The Story Behind Bee Swarms

You may have seen the photo of a swarm of honey bees on a car in Dorchester back in early May and wondered what was going on. The short story: the bees were looking for a new home.

But why did they need a new home and what should you do if you are lucky enough to observe a swarm? Matthew Smith, Mass Audubon’s Web Developer and hobby beekeeper, explains.

Why Bees Swarm
Honey bee swarms are a natural part of spring. Honey bee colonies that survive the winter begin to lay eggs and expand their colonies in early spring. By May, a strong hive could be overflowing with bees with hundreds more hatching each day.

At the same time, just-bloomed flowers provide bees with nectar and pollen, which is collected and brought back to the hive. It doesn’t take long for a productive colony to outgrow its hive.

Bees start swarm preparations by starting to raise a few new queens. When the first of the new queens is about to emerge from her cell, the bees fill their stomachs with honey from the hive. The old queen and about half the bees fly out of the hive in what looks like a chaotic tornado of bees. The queen lands, usually in a tree, and the rest of the bees cluster quietly around her.

There they remain, usually in a volleyball-sized cluster, for a day or two while scout bees go out and look for new digs. The bees left in the hive will hatch a new queen and continue at the old location. If the swarm finds a new home safely, the colony has successfully split in two.

You See a Swarm, Now What?
Bees in a swarm are usually docile, if left undisturbed. In general, you can observe them from a good distance remaining very quiet. If a swarm is in the way, like it was in Dorchester, it’s usually easy to find a beekeeper willing to come and get them. Beekeepers can give the bees a home and start a new colony with the swarm. The Massachusetts Beekeepers Association maintains a list of local bee clubs.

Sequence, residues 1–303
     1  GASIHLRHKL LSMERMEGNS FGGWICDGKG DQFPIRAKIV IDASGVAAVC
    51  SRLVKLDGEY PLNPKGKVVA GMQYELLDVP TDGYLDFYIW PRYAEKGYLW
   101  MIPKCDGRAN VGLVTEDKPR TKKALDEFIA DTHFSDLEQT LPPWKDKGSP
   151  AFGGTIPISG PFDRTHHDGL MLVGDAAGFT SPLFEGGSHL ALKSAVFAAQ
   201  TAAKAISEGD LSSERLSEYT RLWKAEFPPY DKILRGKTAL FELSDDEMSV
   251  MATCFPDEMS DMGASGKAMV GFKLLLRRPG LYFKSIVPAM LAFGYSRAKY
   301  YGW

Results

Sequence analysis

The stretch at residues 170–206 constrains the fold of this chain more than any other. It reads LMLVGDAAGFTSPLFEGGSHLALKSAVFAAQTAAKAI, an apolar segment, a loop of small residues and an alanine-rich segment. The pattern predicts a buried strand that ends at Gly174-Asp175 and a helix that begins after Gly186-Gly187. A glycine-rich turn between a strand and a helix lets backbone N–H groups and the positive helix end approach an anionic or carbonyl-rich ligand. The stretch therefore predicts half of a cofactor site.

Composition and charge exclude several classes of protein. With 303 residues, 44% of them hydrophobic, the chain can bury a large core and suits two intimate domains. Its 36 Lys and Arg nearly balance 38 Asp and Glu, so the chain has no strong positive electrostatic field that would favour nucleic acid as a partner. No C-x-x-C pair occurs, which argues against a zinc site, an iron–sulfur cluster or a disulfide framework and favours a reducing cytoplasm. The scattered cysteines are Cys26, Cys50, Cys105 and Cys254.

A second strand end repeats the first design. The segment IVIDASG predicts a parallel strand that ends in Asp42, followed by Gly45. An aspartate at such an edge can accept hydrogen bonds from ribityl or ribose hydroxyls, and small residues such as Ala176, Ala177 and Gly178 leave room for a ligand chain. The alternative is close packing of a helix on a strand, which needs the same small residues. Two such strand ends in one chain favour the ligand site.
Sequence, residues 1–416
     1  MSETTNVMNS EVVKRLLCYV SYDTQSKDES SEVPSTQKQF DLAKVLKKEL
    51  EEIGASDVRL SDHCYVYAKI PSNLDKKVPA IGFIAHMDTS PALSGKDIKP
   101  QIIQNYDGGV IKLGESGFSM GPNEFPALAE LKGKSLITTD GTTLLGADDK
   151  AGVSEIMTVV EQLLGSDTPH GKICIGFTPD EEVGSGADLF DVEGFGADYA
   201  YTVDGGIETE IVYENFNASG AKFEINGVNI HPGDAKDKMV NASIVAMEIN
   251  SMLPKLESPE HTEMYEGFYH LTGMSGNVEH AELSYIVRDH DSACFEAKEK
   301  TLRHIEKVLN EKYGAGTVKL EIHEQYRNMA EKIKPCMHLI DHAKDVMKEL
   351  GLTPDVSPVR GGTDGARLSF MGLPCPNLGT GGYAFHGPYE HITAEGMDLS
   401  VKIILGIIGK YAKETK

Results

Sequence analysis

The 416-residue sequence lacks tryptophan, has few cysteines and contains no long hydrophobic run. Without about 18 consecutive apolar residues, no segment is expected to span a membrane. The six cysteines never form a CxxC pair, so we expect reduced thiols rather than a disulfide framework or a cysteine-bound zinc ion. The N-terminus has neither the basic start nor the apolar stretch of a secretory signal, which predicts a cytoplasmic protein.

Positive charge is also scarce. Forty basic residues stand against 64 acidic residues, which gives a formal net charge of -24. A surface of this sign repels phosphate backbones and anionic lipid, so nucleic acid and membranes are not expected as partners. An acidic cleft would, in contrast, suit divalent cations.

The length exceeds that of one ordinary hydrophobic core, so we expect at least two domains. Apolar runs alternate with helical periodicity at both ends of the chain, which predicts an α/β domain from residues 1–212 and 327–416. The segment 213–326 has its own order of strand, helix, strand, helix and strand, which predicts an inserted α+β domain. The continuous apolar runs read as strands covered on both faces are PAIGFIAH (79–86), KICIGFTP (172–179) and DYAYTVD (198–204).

Learn More About Bees
Several Mass Audubon wildlife sanctuaries have observation hives during the warm months including Blue Hills Trailside Museum in Milton, Long Pasture in Barnstable, and Stony Brook in Norfolk. Call in advance to ensure the hives are on display.

On Friday, June 21, Boston Nature Center in Mattapan is hosting a free screening of the documentary Queen of the Sun: What are the Bees Telling Us?,  which takes an in-depth look at the global bee crisis.

Beyond Mass Audubon, this Sunday marks the 3rd annual Tour de Hives, a day-long adventure where you visit different hives around Boston by bike.

Have you even seen a bee swarm? If so, tell us about it in the comments!

This entry was posted in Nature Notes on by .

About Hillary T.

Where: Mass Audubon Headquarters, Lincoln Who: Massachusetts transplant by way of Florida and New York. Raising two young girls, who she hopes will be budding naturalists Favorite part of the job: Learning something new every day from some of the smartest and most enthusiastic groups of people

3 thoughts on “The Story Behind Bee Swarms

  1. Cindy Lowney

    Looked like a tornado of bees in the backyard behind our house. They settled in the peach tree. Don’t know what the residents there will do about it. They have a toddler. This is in Antelope, CA. That ‘tornado’ was bizarre! I will be happy with the bees to pollinate all my hummingbird flowers and vegetable garden.

  2. Carl Boyer

    I saw one this morning at 7:30am, June 2, 2018 in Monson, MA. This one was on the move. I was outside getting my newspaper when I heard the buzz of many bees. I looked up and about 100 feet away and about 40 feet above the ground along the tree line on the north side of our yard. I spotted the swarm of hundreds of bees moving like a small cloud eastward back into the woods.

  3. [email protected]

    Hi – we saw what we think was a bee swarm in Sterling MA yesterday – coming from an apple orchard over Davis Farmland. Whatever was swarming was buzzing about 10 feet above our heads (so we couldn’t confirm they were bees). The swarm was HUGE and loud. How many bees typically swarm?

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